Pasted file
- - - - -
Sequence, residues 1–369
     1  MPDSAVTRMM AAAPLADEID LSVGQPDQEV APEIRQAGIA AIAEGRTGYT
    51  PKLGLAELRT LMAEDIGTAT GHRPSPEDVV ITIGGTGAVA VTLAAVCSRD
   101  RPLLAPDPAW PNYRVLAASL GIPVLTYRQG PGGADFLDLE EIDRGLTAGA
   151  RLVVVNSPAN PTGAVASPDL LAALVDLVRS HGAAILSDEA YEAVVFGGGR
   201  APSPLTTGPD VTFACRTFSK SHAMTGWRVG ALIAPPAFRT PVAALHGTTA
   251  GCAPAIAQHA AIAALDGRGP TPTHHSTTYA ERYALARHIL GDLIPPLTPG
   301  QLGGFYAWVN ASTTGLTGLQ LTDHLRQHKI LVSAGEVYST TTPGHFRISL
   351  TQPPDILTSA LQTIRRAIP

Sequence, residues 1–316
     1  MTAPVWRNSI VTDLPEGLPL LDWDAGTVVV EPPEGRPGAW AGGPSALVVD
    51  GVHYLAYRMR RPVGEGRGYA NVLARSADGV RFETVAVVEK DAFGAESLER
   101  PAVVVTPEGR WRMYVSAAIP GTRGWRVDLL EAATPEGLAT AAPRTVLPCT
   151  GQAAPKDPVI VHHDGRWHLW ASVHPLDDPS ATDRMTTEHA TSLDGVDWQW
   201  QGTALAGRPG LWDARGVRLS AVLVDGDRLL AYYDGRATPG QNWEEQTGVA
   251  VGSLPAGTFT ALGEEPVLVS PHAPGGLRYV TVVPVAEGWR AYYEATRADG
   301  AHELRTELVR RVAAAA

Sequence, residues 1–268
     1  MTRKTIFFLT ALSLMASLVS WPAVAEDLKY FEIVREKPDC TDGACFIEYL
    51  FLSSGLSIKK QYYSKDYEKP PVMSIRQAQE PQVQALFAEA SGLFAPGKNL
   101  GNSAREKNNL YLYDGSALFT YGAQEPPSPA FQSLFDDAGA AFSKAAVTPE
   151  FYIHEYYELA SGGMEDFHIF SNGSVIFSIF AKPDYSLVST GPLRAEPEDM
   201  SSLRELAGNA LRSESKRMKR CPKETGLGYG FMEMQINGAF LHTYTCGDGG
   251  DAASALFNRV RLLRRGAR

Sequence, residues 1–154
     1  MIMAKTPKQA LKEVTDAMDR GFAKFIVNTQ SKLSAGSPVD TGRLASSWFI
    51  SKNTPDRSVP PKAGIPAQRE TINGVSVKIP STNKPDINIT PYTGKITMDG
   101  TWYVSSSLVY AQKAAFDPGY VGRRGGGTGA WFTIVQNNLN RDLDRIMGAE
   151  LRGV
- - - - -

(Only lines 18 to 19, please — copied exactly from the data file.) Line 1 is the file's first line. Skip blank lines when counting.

Sequence, residues 1–268
     1  MTRKTIFFLT ALSLMASLVS WPAVAEDLKY FEIVREKPDC TDGACFIEYL